UMBC red-shirt sophomore goalkeeper Billy Heavner earned the inaugural America East Conference Elite 18 Award, honoring student-athletes who exemplify excellence both in their sport and in the classroom. The awards were presented at the conclusion of the league’s six fall championships
The Elite 18 Award Program was established by the conference in June 2013 for implementation in the 2014-15 academic year to honor the highest achievement in academics and athletics by a student-athlete in each America East sponsored sport.
Heavner maintains a perfect 4.00 GPA while majoring in financial economics. He took over the starting position mid-season and has posted a record of 10-1-2, leading the Retrievers to the third round of the NCAA Championships. Heavner is currently eighth in the nation in save percentage (84.3%) and 11 th in goals against average (0.59).
Moreover, both the UMBC men’s and women’s soccer teams earned NSCAA Team Academic Award for the 2013-14 academic year.
Across the nation and throughout all divisions, a total of 861 soccer teams (279 men, 582 women) posted a team grade point average of 3.0 or higher, thereby earning the distinction. Of that total, 188 schools had both their men’s and women’s programs recognized, including both Pete Caringii’s and Leslie Wray’s squads.
The men posted a grade-point average of 3.08, while the women recorded a mark of 3.46.
Image from The Dr. Oz Show
Lorine Dabeck, Learning Resources Center, appeared on The Dr. Oz Show on Wednesday, November 25 to discuss the effects of caregiving on health.
Dabeck joined Dr. Oz and author Mel Robbins to share her experiences of being the primary caretaker for her father, while juggling professional and personal responsibilities. Dabeck also wrote a post for The Dr. Oz Show blog, recounting how she learned to care for herself. “I have organized my life to take care of my dad, assist my children, assist my husband, be a good colleague to my coworkers and still find time for myself,” she wrote. “This is an exciting journey and I am looking forward to where this path is taking me.”
Click here to watch Dabeck on The Dr. Oz Show and here to read “How Lorine Learned to Take Care of Herself.”
From: Jack Suess, VP/CIO Division of Information Technology; Joyce Tenney, Acting Director of the Library
We want to give you as much notice as possible about our plan to cease classroom support of VHS players on June 1, 2017. This plan was created with the input from the UMBC Classroom Committee, the AOK Library, and DoIT using the information gathered from the campus-wide VHS Usage Survey distributed in March of 2014.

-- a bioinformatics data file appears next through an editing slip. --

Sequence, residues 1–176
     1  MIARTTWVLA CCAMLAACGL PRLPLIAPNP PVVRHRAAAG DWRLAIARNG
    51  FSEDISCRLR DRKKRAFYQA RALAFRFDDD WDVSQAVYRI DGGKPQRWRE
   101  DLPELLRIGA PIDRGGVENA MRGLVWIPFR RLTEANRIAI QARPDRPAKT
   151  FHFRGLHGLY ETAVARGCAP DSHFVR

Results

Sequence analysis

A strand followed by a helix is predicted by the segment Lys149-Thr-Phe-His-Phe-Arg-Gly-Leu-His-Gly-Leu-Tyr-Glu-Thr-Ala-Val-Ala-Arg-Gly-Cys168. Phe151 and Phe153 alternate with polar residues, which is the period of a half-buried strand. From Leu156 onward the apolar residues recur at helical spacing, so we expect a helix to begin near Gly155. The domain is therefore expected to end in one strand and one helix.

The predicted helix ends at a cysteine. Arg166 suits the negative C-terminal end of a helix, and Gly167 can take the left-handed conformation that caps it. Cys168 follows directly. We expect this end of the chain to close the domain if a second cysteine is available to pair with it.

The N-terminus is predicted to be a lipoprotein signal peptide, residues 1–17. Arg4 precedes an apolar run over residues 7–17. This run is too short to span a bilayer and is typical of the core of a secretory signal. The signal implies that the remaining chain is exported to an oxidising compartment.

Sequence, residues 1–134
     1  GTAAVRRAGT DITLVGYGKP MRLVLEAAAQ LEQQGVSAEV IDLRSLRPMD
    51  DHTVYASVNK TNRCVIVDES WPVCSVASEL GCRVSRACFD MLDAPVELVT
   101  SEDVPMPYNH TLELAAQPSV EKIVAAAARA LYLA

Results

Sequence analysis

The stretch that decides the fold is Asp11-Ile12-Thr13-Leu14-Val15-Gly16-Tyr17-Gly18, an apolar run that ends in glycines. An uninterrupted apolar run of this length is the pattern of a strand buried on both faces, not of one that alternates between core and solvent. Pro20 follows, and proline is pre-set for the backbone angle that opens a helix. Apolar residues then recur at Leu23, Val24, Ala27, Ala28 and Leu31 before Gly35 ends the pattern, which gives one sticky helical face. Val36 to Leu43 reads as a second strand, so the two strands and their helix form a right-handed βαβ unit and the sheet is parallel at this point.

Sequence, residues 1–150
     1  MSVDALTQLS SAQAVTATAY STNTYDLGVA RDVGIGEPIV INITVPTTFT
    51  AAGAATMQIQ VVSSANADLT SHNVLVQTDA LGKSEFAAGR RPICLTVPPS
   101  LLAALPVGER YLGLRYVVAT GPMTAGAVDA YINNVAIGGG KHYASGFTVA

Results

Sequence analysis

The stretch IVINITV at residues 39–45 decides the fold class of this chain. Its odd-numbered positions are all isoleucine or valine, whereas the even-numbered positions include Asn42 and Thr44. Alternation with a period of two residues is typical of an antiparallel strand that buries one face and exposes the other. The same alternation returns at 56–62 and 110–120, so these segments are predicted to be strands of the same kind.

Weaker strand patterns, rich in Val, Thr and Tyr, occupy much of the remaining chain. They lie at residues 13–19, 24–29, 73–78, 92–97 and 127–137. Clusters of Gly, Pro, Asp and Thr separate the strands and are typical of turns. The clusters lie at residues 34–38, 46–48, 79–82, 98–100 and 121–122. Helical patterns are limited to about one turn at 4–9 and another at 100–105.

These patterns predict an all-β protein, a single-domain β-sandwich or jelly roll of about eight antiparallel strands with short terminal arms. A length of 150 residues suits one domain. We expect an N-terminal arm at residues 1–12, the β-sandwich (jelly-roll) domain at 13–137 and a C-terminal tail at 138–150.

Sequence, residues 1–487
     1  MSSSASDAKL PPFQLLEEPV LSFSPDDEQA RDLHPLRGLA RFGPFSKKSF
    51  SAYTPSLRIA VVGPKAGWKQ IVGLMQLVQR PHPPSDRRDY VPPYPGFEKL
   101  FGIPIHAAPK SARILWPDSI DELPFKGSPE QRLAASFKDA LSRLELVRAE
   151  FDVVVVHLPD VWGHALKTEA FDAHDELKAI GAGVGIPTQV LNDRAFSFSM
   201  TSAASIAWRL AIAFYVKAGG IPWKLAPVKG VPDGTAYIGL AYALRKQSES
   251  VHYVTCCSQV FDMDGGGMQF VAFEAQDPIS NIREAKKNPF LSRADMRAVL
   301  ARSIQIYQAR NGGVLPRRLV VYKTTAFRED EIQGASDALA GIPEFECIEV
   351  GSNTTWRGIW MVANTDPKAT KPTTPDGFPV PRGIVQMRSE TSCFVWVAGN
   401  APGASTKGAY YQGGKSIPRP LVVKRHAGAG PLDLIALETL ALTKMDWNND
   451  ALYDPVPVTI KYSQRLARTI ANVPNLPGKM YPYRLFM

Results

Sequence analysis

Since the summer of 2012 both new and renewed technology-rich learning spaces have not included a VHS player. Our current pool of devices is beginning to fail and we are finding it difficult to purchase replacement equipment. Increasingly we see challenges with the quality of existing VHS tapes as they age. Campus usage and library circulation data confirms the decline in the use of VHS media. In addition, many of our VHS tapes do not meet the requirements for accessibility of instructional materials. For instance, do the VHS resources that you use now include closed captioning?
DoIT will continue to have a limited number of VHS players available for delivery from AV Services throughout the transition. The AOK Library will continue to provide VHS viewing stations and a screening room after June, 2017. If you currently own VHS tapes that you use for instruction, you should begin to develop a strategy for migrating that material to a digital or online format. Staff in DoIT and the Library will be glad to assist if you have questions regarding the transition from VHS tapes to updated media formats.
To help, we recommend the following:
- Many VHS tapes used for instruction are now available online by subscription or purchased as DVD material. DoIT is working with the Library to investigate options for streaming media.
- Bookmark clips and desired content in your browser.